JERUSALEM – The triple bomb blasts that killed 24 people and injured over 85 in the Egyptian resort town of Dahab were carried out by local Islamic extremist cells aided by and affiliated with al-Qaida, Israeli security officials believe.
Immediately following the blast, Egyptian officials were quick to leak to the media they did not suspect al-Qaida. Meanwhile, Egyptian intelligence officers have been telling some foreign counterparts the global jihad group is widely suspected in the attacks, but that they have been instructed to play down the possibility because Egypt has been claiming they successfully routed out al-Qaida from local positions in the Sinai, WND has learned.
The large explosions took place at Dahab’s Nelson Restaurant, the Aladdin Cafeteria and the Ghazala Supermarket in the city’s center, the Egyptian Interior Ministry said.
Witnesses at the blast said smoke pillars rose up from the town’s tourist center. Residents said they saw body parts and debris on the street after what appeared to be the first explosion at the restaurant.
The wounded reportedly included 20 foreigners, among them three Danes, three Britons, two Italians, two Germans, two French people, a South Korean, a Lebanese, a Palestinian, an American, an Israeli and an Australian.
The attackers struck a day after al-Qaida leader Osama bin Laden issued a taped warning ordinary Western citizens had become legitimate targets of his terrorist organization because of their support of governments that he said were conducting a “crusader war against Islam.”
Dahab is a budget Read Sea beach and diving center popular with Israeli and European backpackers located on the Sinai Peninsula near Sharm El-Sheikh not far from Eilat at Israel’s border.
The attack came as Egyptians were celebrating the Coptic Christian Easter and Shem al-Nessim, the ancient spring holiday. The blasts ripped through the town shortly after nightfall when the streets would have been jammed with vacationers.
Immediately following the triple bombing, Egyptian security forces estimated the terrorists belonged to local terror cells not linked to international terror organizations.
Egyptian President Hosni Mubarak today also refused to attribute the bombing to global jihad. In a brief statement to the Egyptian state news agency MENA, Mubarak stressed the need to crack down on “those responsible for this wicked terrorist act, so that they pay the penalty by force of law.”
But Israeli security officials told WND they believe local cells in the Sinai run by Egyptian Islamic extremists affiliated with al-Qaida were responsible for the explosions.
Al-Qaida is believed to be recruiting members from among the Sinai Bedouin, particularly in and near Jabal Hilal in central Sinai. The Egyptian government recently informed Israeli and U.S. officials they successfully eradicated al-Qaida cells in the area. They said they moved large special units to the Sinai that were able to rid the region of terror bases.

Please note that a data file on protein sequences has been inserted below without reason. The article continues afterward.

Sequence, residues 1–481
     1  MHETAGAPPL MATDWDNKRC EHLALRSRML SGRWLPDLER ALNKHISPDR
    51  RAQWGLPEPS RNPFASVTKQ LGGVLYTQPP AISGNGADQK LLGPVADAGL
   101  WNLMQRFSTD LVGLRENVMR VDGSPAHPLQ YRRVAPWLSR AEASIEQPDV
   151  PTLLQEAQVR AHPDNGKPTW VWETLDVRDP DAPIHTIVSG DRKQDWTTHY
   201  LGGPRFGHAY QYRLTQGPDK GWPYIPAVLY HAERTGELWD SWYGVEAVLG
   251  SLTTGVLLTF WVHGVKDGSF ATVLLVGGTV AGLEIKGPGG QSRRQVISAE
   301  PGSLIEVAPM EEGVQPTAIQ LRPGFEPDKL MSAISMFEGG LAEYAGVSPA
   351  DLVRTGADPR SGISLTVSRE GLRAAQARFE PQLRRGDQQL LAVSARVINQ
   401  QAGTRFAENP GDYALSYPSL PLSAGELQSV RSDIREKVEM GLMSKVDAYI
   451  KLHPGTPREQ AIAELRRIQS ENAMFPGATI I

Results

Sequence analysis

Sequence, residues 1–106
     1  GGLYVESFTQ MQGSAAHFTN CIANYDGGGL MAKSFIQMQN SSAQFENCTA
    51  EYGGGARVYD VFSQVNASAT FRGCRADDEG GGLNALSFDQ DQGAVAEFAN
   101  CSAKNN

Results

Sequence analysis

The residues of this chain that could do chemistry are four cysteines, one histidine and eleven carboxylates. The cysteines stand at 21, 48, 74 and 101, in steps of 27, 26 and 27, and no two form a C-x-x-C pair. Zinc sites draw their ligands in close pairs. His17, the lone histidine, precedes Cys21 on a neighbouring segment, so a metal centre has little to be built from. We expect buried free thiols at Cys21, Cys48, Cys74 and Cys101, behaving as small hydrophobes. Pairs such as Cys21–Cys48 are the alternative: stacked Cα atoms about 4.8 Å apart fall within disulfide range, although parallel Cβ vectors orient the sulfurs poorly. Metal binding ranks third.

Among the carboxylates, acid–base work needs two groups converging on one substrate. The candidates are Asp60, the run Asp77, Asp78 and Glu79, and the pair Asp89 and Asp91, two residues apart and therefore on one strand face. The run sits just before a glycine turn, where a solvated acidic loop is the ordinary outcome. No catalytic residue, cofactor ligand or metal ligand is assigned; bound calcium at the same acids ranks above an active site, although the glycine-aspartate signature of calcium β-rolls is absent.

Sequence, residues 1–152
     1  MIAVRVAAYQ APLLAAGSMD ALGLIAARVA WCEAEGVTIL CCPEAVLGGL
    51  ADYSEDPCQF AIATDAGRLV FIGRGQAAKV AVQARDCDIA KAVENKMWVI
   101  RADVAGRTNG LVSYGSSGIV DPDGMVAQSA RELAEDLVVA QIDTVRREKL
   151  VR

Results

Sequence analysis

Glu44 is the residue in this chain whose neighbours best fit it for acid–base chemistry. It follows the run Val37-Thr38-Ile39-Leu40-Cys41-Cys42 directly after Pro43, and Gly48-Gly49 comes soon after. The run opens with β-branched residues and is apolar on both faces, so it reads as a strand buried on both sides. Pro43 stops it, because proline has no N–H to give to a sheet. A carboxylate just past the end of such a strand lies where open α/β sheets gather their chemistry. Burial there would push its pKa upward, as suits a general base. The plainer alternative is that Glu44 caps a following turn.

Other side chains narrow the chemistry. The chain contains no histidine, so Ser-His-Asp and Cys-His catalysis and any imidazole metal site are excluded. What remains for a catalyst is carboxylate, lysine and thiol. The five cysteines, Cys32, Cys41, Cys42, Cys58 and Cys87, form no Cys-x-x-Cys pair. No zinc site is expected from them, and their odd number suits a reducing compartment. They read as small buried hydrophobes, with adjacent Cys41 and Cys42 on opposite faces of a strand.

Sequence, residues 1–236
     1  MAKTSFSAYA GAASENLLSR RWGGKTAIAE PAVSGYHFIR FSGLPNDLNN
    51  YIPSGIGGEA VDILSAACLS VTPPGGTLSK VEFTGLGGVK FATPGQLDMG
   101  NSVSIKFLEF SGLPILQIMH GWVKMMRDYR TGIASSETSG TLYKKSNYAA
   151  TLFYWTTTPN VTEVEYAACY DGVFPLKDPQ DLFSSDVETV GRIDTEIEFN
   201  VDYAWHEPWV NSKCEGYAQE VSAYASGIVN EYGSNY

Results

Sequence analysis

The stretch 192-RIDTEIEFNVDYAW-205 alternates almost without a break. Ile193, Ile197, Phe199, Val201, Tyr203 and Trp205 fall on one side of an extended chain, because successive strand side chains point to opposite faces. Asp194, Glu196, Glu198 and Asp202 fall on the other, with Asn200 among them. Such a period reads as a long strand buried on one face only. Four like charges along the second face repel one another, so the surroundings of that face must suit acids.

Egypt also announced it initiated programs in recent months to create employment for the many unemployed Bedouins.
“Clearly this bombing shows the Egyptians have been unable to stop the al-Qaida cells from flourishing in the area,” said a security official.
Egyptian security officials are concerned the explosives used in the blast were smuggled in from Saudi Arabia or Jordan, security officials said. Information indicates the large quantities of explosives used in yesterday’s blast did not come from the many land mines known to be in the Sinai but likely from army material.
Israeli security officials told WND high explosives can “easily” be smuggled into the Sinai from Saudi Arabia. The area can be accessed by ferries or small private boats that cross the Suez Canal or the Read Sea gulf and land in deserted beach areas of the Sinai. The ferries are known to be sporadically checked by security officers, and Israel says the Egyptian Coast Guards do a “terrible job” at checking the waters near the vast Sinai beaches.
The Sinai is considered a desirable target for bin Laden, officials said. The area is ripe with Western and Israeli tourists. An attack there targets Egypt’s major tourism market.
Mubarak, whose regime upholds a peace treaty with Israel and is the beneficiary of large U.S. military aid packages, is detested by al-Qaida ideology, which seeks to replace so-called moderate regimes with Islamist leaderships.
Egypt’s Muslim Brotherhood, of which Hamas is a military offshoot, shares al-Qaida’s goals of establishing an Islamic theocracy.
Also, bin Laden tapes and al-Qaida communications have expresses increased desire to hit inside Israel the past year. While al-Qaida agents are suspected of infiltrating the Gaza Strip after Israel’s withdrawal from the area this past summer, and Israel recently arrested Palestinians planning a large-scale attack on behalf of the jihad group, al-Qaida has not yet been able to organize an attack inside the Jewish state.
“They are getting closer and closer. Part of the tactic is targeting Israel’s borders with attacks against the Sinai and in Amman, Jordan,” an official told WND.
There have been a string of attacks in Egypt’s Sinai Peninsula over the past 18 months, including deadly al-Qaida-style bombings in the Egyptian resorts of Taba and Ras Shitan in October 2004 and in Sharm el-Sheik in July. Last December, Amman was hit with a triple bombing. Groups working on behalf of Al-Qaida took responsibility for all those attacks.
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